1990 V2500 Suburban - running way too rich

Discussion in 'Chevy Suburban Forum (GMC Yukon XL)' started by Boldt, Aug 28, 2009.

  1. Boldt

    Boldt New Member

    I have a great old 1990 V2500 that all of a sudden went really rich. I drove to work fine, parked, came out at the end of the day, and it immediately flooded when I tried to start it up.

    Trouble codes at that time were:

    15: Coolant temperature sensor, low temperature
    34: MAP sensor voltage low (faulty wiring, now working fine)

    and I believe:
    45: Oxygen sensor - rich exhaust

    Visual inspection of fuel injectors revealed a great deal of gasoline being consumed. Removing either fuel injector connector, the engine was able to start but obviously ran a little rough. It is apparent that the ECU is sending too much voltage to the injectors. Whether this is directly the ECU or if it's a failed sensor affecting the ECU remains to be seen.

    I assumed it's the MAP sensor because a low voltage is consistent with full-throttle operation, so it seems possible that's what caused the fuel injectors to open up.

    After replacing the MAP sensor and the wiring to it all the way to the ECM, I reset the ECM by pulling the battery for a while. I brushed the spark plugs, reconnected the battery, started it up, and ran it at about 1/2 to 3/4 throttle for a couple minutes to clean it out. I imagine considerable soot was in the engine after driving 3 miles home with a trailing cloud of black smoke. Probably not a good idea to operate it in that condition but I did what I had to do. The exhaust was good and black at first, but it cleared up after ~ 30 seconds or so.

    After releasing the throttle, the engine seemed to be idling normal and smoothly. Almost immediately when I attempted to drive, it shuttered, killed and was flooded out again. NO trouble codes this time.

    I theorize that there's something screwy with the ECM, maybe it needs to be replaced. It's sending too much voltage to the injectors. But ECMs expensive and I'm not convinced that's what's wrong. So at this point, it would help to narrow down:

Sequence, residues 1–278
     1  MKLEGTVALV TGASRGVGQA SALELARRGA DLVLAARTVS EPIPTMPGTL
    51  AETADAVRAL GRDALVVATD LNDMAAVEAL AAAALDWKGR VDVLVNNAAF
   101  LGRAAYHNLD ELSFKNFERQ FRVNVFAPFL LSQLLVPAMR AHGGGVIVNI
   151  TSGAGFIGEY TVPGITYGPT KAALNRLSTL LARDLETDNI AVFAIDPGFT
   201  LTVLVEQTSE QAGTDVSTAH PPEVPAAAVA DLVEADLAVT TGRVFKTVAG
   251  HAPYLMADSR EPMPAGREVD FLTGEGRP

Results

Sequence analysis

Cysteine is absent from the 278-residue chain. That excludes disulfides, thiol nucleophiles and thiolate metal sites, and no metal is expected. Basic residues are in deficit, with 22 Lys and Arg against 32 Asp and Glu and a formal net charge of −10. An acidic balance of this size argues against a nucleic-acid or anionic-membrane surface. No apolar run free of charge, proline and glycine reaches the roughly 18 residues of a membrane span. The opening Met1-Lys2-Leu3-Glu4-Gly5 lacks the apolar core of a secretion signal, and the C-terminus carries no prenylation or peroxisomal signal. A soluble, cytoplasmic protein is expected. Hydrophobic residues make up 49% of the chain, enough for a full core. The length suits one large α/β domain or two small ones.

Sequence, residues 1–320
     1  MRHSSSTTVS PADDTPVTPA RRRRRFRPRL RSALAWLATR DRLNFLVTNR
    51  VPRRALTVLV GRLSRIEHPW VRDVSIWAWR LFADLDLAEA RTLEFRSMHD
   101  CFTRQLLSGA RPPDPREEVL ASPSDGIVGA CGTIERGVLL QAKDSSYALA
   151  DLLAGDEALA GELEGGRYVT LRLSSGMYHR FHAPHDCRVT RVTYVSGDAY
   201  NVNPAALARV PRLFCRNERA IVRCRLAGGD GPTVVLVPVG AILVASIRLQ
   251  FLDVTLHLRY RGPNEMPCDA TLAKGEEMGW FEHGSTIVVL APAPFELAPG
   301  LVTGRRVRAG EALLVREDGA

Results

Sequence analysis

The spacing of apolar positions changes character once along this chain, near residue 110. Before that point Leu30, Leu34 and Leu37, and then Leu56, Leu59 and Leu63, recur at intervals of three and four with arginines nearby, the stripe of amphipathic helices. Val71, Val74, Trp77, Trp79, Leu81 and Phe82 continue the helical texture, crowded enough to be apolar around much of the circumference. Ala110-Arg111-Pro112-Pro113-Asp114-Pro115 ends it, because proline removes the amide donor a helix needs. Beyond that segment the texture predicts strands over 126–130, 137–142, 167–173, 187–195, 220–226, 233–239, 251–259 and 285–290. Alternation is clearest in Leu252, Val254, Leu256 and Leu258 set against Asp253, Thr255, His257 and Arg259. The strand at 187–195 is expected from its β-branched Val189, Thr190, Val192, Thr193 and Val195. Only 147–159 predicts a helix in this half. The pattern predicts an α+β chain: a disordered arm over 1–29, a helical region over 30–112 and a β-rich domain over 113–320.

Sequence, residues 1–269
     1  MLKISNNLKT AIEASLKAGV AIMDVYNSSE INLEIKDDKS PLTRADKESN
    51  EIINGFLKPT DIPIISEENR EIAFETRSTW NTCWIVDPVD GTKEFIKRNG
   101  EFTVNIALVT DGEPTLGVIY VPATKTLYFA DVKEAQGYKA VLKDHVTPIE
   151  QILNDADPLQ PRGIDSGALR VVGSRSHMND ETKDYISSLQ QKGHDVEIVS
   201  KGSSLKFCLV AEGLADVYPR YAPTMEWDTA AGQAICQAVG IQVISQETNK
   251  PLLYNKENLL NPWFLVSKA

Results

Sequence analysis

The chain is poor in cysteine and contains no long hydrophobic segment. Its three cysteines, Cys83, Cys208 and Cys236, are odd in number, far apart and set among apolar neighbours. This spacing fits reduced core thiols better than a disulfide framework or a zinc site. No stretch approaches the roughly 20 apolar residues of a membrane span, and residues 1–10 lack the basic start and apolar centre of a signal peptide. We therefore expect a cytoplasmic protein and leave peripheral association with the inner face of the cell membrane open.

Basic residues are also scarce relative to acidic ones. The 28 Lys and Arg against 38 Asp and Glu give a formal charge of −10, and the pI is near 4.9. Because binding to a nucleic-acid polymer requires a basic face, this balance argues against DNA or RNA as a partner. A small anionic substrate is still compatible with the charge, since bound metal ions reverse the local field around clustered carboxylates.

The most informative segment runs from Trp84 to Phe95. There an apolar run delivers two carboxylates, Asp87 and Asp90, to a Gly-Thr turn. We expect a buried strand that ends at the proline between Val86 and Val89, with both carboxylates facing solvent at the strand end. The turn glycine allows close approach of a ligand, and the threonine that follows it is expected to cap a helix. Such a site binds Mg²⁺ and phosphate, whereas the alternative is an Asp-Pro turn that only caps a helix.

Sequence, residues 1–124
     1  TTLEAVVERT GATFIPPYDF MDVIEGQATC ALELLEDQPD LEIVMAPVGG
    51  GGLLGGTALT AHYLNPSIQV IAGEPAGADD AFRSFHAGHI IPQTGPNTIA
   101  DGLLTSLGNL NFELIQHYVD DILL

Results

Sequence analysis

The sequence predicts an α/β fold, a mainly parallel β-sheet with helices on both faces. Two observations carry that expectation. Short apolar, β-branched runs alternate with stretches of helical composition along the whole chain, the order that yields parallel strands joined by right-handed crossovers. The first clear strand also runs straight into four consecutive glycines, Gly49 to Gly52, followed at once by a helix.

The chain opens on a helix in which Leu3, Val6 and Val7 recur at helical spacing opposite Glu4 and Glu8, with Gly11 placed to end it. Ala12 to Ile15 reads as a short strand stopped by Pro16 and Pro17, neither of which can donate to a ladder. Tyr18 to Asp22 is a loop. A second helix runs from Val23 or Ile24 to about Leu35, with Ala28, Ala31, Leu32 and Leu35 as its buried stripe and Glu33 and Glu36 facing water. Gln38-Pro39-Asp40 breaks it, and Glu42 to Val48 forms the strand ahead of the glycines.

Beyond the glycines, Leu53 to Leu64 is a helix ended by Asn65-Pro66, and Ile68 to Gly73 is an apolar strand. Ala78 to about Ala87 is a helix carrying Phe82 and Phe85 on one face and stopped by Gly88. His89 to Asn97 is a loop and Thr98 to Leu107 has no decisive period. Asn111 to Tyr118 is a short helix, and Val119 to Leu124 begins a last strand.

- Which sensors have the ability to affect fuel injection?
    - If these sensors are not to blame, what problems can cause these sensors to give an abnormal reading?


    I swapped in some spare injectors which behave identical.
    Last edited: Aug 28, 2009
  2. unplugged

    unplugged Epic Member 5+ Years 1000 Posts

    Don't know if this is your problem, but check the fuel pressure. Should be 9 -12psi I think. I had a case where the engine was running rich. Black smoke out the tailpipe, fouled plugs etc. Measured the fuel pressure on the feed side and it was 28psi. I moved my test point to the return line and 28psi. Hmmm..checked the return line and it was kinked from a 4x4 adventure. Replaced the line and presto problem solved.
  3. 2COR517

    2COR517 Epic Member 5+ Years 1000 Posts

    Probably the coolant temp sensor. If it tells the PCM the engine is cold, it will send more fuel. Another guy had one go bad, it was send a temp of like 100 degrees below zero.
  4. Boldt

    Boldt New Member

    Thanks for the replies. I tested the coolant sensor with an ohmmeter and indeed it is infinite resistance like you said, 2COR517. I took a 2.2 k-ohm resistor and inserted it directly into the plug to simulate a temperature sensor reading of about 86 degrees F (30 deg C). The engine still ran rich.